Some like to understand what they believe in. Others like to believe in what they understand.
I believe, indeed, that it is more laudable to suffer great misfortunes than to do great things.
Misers are very kind people: they amass wealth for those who wish their death.
Genius speaks only to genius.
A well-read fool is the most pestilent of blockheads; his learning is a flail which he knows not how to handle, and with which he breaks his neighbor's shins as well as his own. Keep a fellow of this description at arm's length, as you value the integrity of your bones.
There are few defects in our nature so glaring as not to be veiled from observation by politeness and good-breeding.
Politeness has been defined to be artificial good-nature; but we may affirm, with much greater propriety, that good-nature is natural politeness.
Esteem has more engaging charms than friendship, or even love. It captivates hearts better, and never makes ings.
Gaiety is the soul's health; sadness is its poison.
I know no real worth but that tranquil firmness which seeks dangers by duty, and braves them without rashness.
Those who ought to be secure from calumny are generally those who avoid it least.
How many persons fancy they have experience simply because they have grown old!
Affectation discovers sooner what one is than it makes known what one would fain appear to be.
Can princes born in palaces be sensible of the misery of those who dwell in cottages?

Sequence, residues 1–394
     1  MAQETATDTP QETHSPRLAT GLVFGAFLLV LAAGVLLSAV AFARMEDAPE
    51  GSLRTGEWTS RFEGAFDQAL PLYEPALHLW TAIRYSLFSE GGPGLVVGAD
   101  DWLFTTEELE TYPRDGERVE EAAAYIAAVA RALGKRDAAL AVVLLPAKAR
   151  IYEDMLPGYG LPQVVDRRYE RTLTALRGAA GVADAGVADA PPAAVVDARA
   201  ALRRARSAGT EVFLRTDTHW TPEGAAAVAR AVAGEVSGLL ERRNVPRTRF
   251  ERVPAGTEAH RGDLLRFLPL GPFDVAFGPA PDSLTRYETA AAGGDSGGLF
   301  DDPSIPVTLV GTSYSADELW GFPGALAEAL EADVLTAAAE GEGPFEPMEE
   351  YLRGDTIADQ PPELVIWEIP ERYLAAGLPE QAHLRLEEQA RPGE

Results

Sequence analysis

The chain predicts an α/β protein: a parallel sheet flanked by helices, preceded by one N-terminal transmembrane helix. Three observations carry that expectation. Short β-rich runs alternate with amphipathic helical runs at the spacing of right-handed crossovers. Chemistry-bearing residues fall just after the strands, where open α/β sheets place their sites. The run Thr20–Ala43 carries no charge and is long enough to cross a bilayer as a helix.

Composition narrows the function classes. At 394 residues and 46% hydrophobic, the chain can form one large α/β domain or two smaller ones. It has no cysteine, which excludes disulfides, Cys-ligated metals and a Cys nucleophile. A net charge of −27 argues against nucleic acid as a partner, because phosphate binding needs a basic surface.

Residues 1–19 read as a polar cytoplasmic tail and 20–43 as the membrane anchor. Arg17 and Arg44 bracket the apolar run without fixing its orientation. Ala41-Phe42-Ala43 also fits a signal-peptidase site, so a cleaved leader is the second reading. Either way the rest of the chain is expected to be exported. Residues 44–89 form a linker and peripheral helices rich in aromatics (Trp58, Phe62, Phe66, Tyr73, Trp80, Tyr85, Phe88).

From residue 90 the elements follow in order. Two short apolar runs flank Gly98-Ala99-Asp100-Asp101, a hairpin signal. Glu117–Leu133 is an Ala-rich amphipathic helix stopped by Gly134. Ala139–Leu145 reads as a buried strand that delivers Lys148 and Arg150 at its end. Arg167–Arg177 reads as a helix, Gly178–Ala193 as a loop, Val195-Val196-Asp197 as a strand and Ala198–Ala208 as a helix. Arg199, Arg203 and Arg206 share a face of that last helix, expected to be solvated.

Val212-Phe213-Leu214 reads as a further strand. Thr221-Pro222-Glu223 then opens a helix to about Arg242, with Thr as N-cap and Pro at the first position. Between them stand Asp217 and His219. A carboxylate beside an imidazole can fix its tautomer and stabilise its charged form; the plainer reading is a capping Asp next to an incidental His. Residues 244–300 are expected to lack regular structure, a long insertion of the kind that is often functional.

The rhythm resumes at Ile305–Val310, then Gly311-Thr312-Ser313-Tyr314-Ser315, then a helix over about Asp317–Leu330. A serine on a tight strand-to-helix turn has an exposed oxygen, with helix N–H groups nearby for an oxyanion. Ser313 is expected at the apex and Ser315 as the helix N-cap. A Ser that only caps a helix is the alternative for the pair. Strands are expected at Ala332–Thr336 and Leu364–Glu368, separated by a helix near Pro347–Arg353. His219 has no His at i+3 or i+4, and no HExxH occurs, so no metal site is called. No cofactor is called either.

The strong desire for success is the best indication that you can achieve success.
Have the courage to face a difficulty lest it kick you harder than you bargain for.
Conscience warns us as a friend before it punishes us as a judge.
To believe with certainty, we must begin with doubting.
To be vain of one's rank or place is to show that one is below it.
Where religion speaks, reason has only a right to hear.
Reason shows us our duty; he who can make us love our duty is more powerful than reason itself.
Religion has nothing more to fear than not being sufficiently understood.
The instability of our tastes is the occasion of the irregularity of our lives.
When the truth offends no one it should come from our lips as naturally as the air we breathe.
Is it not astonishing that the love of repose keeps us in continual agitation?
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